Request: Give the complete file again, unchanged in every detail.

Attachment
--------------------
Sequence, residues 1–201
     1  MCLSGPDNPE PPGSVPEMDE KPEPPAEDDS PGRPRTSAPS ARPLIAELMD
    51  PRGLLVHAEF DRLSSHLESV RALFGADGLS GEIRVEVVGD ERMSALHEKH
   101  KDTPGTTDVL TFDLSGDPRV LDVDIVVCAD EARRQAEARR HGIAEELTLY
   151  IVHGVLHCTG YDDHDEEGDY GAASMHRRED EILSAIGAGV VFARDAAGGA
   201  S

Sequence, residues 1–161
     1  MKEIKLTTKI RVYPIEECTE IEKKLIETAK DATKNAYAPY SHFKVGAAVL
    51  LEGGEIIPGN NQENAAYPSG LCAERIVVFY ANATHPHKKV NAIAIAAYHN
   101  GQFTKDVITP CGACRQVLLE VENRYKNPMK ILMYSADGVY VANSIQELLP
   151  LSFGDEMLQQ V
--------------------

Sequence, residues 1–201
     1  MCLSGPDNPE PPGSVPEMDE KPEPPAEDDS PGRPRTSAPS ARPLIAELMD
    51  PRGLLVHAEF DRLSSHLESV RALFGADGLS GEIRVEVVGD ERMSALHEKH
   101  KDTPGTTDVL TFDLSGDPRV LDVDIVVCAD EARRQAEARR HGIAEELTLY
   151  IVHGVLHCTG YDDHDEEGDY GAASMHRRED EILSAIGAGV VFARDAAGGA
   201  S

Sequence, residues 1–161
     1  MKEIKLTTKI RVYPIEECTE IEKKLIETAK DATKNAYAPY SHFKVGAAVL
    51  LEGGEIIPGN NQENAAYPSG LCAERIVVFY ANATHPHKKV NAIAIAAYHN
   101  GQFTKDVITP CGACRQVLLE VENRYKNPMK ILMYSADGVY VANSIQELLP
   151  LSFGDEMLQQ V